This week, multi-state cannabis brand Moxie released new marijuana strains inspired by controversial Netflix series Tiger King at dispensaries across California. The new strains are Tiger’s Blood (a cross between Goobers and Wildfire strains which boasts a citrus flavor); and Cool Cats Cush (a cross between Wildfire and Wedding Cake strains which the company describes as “grassy” and “piney”). A stock of 1,600 grams of each strain (sold in one-gram increments) is available across California dispensaries and Moxie will donate $1 for every unit sold to Tiger Protection Fund—a World Wildlife Fund-supported effort to bring awareness to the plight of tigers in the illegal wildlife trade.
“The series shed light on the terrible living conditions and deplorable exploitation of tigers in captivity,” Moxie Head of Marketing Tessa Adams told VegNews. “We felt compelled to pair with the World Wildlife Fund for this project because our mission is to give back in whatever meaningful ways we can. We hope that people don’t forget about the animals, as they became our primary focus as the season went on.” Moxie’s release was timed with Netflix’s announcement that it will air a new Tiger King episode—the exact date of which is not yet set.
The show gained popularity for its portrayal of the feud between Oklahoma roadside zoo owner Joe Maldonado-Passage (known as “Joe Exotic”) and Carole Baskin, owner of Florida sanctuary Big Cat Rescue. While the Netflix series focused on quirky “cat people” characters and outlandish plot twists, it also—to some extent—revealed the cruel underbelly of the thriving wild cat trade in the United States, much of which is perpetuated by Exotic and other characters such as Bhagavan “Doc” Antle. In a recent blog post, Baskin slammed Netflix for downplaying the cruelty endured by tigers, lions, and other animals at the hands of wildlife breeders and roadside zookeepers.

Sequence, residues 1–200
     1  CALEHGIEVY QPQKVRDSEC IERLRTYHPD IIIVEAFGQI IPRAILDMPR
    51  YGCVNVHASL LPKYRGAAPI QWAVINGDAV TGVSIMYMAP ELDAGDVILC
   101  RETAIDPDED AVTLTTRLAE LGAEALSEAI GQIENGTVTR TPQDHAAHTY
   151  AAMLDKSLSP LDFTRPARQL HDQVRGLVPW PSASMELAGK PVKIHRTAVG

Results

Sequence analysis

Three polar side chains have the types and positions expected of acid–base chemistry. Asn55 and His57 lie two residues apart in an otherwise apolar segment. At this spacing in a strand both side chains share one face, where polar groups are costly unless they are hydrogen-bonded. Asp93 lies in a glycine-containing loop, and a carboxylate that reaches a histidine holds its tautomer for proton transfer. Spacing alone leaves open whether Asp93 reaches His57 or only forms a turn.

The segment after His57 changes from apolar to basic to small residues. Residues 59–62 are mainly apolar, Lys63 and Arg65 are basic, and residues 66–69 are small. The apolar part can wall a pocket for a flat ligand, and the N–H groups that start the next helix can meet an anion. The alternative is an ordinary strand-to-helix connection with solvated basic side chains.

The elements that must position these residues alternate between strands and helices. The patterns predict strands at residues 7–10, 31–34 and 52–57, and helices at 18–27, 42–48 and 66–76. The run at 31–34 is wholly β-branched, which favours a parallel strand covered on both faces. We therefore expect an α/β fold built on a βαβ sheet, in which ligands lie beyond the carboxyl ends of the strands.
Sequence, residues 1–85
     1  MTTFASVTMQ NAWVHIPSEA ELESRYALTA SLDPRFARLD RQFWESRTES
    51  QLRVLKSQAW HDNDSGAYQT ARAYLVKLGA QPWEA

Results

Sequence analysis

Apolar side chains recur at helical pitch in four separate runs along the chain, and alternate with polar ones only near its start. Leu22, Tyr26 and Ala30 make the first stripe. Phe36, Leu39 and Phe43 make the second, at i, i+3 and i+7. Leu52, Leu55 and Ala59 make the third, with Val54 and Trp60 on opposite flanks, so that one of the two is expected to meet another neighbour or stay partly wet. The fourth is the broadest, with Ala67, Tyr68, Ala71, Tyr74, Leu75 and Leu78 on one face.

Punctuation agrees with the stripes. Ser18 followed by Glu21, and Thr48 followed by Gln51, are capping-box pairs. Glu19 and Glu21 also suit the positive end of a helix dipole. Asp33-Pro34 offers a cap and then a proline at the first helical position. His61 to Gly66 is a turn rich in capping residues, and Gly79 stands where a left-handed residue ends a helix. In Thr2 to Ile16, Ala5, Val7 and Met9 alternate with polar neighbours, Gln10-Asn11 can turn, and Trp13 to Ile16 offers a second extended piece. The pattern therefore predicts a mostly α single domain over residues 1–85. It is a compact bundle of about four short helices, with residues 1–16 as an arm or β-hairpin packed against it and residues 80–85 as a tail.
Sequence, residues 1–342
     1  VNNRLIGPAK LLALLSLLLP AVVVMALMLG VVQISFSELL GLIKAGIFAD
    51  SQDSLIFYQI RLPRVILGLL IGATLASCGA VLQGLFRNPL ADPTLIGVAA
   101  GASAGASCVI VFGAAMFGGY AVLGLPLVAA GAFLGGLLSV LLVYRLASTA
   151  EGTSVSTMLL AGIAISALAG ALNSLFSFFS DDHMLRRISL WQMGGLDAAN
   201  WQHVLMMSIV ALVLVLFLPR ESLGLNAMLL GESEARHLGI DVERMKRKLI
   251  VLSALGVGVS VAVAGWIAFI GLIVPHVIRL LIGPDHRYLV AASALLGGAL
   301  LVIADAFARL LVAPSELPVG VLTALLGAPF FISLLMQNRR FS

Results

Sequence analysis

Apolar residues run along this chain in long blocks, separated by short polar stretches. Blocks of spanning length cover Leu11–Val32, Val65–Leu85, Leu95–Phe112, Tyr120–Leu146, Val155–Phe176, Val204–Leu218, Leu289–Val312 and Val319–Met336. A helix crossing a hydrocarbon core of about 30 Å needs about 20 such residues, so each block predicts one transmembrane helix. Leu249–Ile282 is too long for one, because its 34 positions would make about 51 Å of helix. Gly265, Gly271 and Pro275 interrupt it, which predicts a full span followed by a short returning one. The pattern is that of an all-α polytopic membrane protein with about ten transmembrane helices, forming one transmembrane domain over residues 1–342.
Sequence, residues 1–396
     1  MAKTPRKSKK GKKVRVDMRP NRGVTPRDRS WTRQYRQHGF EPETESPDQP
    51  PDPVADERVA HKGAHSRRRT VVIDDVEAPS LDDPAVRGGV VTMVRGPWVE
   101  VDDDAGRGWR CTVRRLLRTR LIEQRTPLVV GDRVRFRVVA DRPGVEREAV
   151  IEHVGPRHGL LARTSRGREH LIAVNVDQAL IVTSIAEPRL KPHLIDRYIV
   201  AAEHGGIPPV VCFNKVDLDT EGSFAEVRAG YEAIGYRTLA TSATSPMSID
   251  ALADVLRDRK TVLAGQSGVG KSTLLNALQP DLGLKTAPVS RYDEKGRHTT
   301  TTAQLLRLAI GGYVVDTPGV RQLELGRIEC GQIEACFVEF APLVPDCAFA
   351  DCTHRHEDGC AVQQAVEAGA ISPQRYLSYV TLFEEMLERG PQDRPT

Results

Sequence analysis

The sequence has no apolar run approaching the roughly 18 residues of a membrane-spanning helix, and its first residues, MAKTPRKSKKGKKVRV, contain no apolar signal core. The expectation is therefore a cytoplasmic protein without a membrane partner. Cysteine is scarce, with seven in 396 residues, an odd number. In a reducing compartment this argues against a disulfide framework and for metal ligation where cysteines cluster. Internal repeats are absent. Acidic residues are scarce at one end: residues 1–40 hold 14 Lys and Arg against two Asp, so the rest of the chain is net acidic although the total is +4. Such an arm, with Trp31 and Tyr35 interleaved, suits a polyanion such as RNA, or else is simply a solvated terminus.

This week, The Humane Society of the United States (HSUS) released never-before-seen footage captured in 2011 during its thorough investigations of Joe Exotic’s G.W. Zoo, showing the zookeeper punching cubs in the face, dragging them by the tail, and other forms of abuse in an effort to “train” them to cooperate in photo opportunities with tourists. “Facilities like Joe Exotic’s and Doc Antle’s masquerade as rescue or conservation operations, but in fact they breed tigers and subject the cubs, who are torn from their mothers immediately after birth, to stress and abuse,” HSUS CEO Kitty Block said.
HSUS and Baskin are both calling upon those concerned about big cat cruelty to support the Big Cat Public Safety Act, legislation that aims to ban ownership of big cats and the use of cubs for photo opportunities.